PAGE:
“Bikalpa and I are from Palpa and karuwa (a drinking water vessel) is a symbol of the place. So we decided to name the venture Karuwa Apps. We had close connection with developers we met at Child Gameathon, especially after the earthquake,” says Gopal, “So we contacted them and formed out team.” 

The team includes Gopal Chitaure (CEO), Bikalpa Ghimire (Co-founder and finance manager), Bhuwan Acharya (Project Manager/Developer), Manish Maharjan (Game Designer), Amrit Sapkota (Head of Marketing). Bhuwan and Amrit had won Child Gameathon 2015 with their game ‘Healthy I’ (a computer and mobile game that seeks to increase awareness about benefits of healthy food), and Manish was in a different team. Although they participated in the competition with different teams, their common problem and common vision to build the platform brought these young game developers together.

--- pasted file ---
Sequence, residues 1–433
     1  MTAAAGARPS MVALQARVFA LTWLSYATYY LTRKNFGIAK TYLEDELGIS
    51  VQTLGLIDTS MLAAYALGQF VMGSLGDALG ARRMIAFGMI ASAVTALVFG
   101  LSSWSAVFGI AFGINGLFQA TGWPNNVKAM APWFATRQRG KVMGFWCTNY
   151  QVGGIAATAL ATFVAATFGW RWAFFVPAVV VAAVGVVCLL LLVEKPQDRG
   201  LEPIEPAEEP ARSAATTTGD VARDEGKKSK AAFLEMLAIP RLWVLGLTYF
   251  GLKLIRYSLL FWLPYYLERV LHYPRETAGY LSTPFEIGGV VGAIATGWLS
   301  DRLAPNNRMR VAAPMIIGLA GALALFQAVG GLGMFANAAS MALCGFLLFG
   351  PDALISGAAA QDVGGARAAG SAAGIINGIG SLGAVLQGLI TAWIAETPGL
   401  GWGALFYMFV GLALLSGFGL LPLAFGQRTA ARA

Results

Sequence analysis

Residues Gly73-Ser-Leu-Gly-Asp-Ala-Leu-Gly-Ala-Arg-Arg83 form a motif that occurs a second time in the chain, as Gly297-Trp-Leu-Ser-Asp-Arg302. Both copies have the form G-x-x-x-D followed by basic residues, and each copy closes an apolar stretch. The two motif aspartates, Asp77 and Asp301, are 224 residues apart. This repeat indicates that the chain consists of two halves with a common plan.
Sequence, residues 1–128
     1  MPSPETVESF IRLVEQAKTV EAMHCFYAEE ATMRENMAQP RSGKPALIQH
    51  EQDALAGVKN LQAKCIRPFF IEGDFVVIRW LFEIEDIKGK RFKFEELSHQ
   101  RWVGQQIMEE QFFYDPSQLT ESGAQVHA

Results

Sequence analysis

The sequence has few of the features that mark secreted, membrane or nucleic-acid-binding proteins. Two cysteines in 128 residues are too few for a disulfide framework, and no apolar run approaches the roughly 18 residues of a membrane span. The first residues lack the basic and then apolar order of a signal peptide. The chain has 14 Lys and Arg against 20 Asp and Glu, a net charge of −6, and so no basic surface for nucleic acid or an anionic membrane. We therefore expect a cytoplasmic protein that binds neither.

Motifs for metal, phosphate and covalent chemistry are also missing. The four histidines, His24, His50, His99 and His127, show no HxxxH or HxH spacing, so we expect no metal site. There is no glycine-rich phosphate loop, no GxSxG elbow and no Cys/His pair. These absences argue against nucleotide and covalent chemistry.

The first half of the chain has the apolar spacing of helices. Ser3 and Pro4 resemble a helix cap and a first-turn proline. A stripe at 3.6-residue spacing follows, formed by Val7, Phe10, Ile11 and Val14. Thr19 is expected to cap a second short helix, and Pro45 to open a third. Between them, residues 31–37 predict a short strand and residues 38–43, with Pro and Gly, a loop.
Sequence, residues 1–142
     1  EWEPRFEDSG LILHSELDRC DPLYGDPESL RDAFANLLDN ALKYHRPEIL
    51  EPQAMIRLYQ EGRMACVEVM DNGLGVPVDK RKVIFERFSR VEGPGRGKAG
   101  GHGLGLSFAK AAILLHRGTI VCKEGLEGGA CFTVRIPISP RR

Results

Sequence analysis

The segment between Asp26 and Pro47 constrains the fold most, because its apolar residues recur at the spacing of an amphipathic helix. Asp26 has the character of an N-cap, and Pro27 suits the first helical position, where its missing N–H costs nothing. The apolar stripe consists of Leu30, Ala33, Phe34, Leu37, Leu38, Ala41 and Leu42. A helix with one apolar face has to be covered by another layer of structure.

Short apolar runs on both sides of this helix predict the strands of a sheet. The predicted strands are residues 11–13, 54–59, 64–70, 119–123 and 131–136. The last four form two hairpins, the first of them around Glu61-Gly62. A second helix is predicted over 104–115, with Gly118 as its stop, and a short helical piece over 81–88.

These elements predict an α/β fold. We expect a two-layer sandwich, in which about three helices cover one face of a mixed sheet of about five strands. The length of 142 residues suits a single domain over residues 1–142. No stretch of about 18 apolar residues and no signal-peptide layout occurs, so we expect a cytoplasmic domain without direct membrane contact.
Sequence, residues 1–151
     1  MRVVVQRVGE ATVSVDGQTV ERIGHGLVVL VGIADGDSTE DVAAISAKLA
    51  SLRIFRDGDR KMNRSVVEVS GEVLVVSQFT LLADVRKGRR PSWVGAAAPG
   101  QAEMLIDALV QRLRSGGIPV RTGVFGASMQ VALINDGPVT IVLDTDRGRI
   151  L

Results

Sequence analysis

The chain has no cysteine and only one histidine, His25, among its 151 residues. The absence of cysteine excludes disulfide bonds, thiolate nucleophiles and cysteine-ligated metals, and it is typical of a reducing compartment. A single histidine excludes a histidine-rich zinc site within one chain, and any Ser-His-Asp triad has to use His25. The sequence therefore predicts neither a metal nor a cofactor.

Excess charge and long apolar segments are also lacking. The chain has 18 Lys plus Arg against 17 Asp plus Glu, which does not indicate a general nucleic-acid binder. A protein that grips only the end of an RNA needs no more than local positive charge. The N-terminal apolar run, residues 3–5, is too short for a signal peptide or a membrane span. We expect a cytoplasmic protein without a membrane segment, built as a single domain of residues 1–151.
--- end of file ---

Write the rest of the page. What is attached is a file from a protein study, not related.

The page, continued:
“Our team is finally now perfect and we trust each other. We operate on cloud at the moment and have a check-and-balance system among ourselves. The team is accountable for each other’s progress and we compliment each other’s work,” says Gopal.

Providing a platform for publishing indie games and apps, Karuwa Apps was established on May 2016 as a project under Zapper Tech Private Limited (a company co-founded by Gopal). They released their first game Crazy Circle Run (http://bit.ly/23ddt71) on 5 June, 2016 on Android platform, and has seen an immediate success.

 

Crazy Circle Run Success